Toddlers: Child Development (cont.)
In this Article
- What are developmental milestones for toddlers 1-2 years of age?
- Where can I find tips for caring for a toddler 1-2 years of age?
- How can I ensure the safety of my toddler (1-2 years of age)?
- What are developmental milestones for toddlers 2-3 years of age?
- Where can I find tips for caring for a toddler 2-3 years of age?
- How can I ensure the safety of my toddler (2-3 years of age)?
Developmental Milestones for Toddlers 2-3 Years of Age
Because of your child's growing desire to assert her independence, this stage is often called the "terrible twos." However, this can be an exciting time for you and your toddler. He will experience huge intellectual, social, and emotional changes that will help him to explore his new world, and make sense of it.
During this stage, your toddler will be able to follow two- or three-phrase commands, sort objects by shape and color, imitate the actions of adults and playmates, and express a wide range of emotions.
For more information on developmental milestones and warning signs of possible developmental delays, visit Learn the Signs. Act Early.
Positive Parenting of Toddlers 2-3 Years of Age
- Set up a special time to read books with your toddler.
- Encourage your child to engage in pretend play.
- Play parade or follow the leader with your toddler.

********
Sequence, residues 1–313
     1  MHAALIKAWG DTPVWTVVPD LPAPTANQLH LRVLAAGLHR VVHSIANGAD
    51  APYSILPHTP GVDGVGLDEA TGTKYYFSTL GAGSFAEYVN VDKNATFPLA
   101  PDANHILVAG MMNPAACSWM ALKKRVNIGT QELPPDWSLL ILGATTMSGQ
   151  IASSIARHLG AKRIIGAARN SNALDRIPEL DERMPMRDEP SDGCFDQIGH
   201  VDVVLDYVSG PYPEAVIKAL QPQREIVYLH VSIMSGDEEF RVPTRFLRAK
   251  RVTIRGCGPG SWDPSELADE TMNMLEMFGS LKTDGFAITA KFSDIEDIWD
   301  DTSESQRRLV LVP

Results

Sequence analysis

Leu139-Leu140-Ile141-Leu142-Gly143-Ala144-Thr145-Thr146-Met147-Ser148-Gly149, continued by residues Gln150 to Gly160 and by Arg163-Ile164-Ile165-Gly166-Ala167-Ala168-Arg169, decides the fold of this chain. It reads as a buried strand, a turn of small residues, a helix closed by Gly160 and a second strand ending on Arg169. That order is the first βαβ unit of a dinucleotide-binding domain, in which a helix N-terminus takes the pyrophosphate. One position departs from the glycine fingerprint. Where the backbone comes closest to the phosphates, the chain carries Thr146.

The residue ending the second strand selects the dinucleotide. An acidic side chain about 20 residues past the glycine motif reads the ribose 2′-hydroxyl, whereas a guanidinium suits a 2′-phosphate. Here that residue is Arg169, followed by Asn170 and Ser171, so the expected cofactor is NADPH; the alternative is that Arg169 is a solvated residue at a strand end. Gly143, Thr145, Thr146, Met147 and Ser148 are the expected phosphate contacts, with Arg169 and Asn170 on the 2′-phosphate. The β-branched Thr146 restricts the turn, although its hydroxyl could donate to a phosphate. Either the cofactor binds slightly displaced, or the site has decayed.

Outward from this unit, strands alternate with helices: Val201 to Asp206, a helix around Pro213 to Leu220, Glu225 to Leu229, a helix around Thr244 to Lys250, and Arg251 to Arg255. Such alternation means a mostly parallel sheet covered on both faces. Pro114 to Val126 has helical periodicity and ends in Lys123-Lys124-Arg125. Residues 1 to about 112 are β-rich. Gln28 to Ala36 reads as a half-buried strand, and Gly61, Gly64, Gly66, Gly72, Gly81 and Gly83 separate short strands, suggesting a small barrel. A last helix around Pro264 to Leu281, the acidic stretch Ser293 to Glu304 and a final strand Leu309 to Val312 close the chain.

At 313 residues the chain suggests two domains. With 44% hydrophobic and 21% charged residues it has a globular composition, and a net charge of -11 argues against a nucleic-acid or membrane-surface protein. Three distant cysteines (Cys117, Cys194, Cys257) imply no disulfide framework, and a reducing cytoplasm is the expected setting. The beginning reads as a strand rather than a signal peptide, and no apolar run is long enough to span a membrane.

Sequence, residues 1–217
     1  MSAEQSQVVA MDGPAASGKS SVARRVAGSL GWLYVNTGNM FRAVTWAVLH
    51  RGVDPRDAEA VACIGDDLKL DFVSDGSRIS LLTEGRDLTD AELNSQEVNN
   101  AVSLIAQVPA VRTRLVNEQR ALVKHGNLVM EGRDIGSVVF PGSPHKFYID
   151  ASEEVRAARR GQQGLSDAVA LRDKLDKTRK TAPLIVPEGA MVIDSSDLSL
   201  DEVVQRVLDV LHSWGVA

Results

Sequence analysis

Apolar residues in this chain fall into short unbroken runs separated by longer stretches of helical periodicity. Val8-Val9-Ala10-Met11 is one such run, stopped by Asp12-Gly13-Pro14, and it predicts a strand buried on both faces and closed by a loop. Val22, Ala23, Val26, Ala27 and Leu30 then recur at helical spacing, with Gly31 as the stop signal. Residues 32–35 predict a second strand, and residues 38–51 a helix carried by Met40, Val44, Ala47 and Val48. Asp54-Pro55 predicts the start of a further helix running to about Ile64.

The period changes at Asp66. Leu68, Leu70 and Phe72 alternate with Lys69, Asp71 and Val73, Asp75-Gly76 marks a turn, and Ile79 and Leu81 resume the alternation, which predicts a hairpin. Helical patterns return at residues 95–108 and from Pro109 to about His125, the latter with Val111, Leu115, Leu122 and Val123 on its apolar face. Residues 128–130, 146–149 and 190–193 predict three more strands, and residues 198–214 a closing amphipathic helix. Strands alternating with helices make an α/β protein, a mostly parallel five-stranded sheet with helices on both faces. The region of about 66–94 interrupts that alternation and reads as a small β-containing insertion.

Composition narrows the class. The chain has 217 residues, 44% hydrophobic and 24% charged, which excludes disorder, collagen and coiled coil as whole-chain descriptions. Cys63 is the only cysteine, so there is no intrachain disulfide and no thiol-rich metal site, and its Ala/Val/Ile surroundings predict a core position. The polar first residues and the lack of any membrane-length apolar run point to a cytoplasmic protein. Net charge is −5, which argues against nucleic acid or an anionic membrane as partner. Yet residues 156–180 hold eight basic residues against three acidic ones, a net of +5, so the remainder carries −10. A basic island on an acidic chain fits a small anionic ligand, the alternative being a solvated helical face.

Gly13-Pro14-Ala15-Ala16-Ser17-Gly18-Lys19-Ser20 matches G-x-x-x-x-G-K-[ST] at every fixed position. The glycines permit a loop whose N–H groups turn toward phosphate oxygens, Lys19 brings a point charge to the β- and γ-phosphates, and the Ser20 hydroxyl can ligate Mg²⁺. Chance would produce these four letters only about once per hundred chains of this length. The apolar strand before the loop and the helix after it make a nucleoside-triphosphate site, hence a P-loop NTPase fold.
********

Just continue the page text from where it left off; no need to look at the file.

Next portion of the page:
- Help your child to explore her surroundings by taking her on a walk or wagon ride.
- Encourage your child to tell you his name and age.
- Teach your child simple songs like Itsy Bitsy Spider, or other cultural childhood rhymes.
Child Safety First (Toddlers 2-3 Years of Age)
Encourage your toddler to sit when eating and to chew her food thoroughly.
- Check toys often for loose or broken parts.
- Encourage your toddler not to put pencils or crayons in his mouth when coloring or drawing.
- Never leave your toddler near or around water (that is, bathtubs, pools, ponds, lakes, whirlpools, or the ocean) without someone watching her.
- Never drink hot objects while your child is sitting on your lap. Sudden movements can cause a spill.
National Center on Birth Defects and Developmental Disabilities, U.S. Centers for Disease Control and Prevention
Last Editorial Review: 10/9/2009 2:45:47 PM
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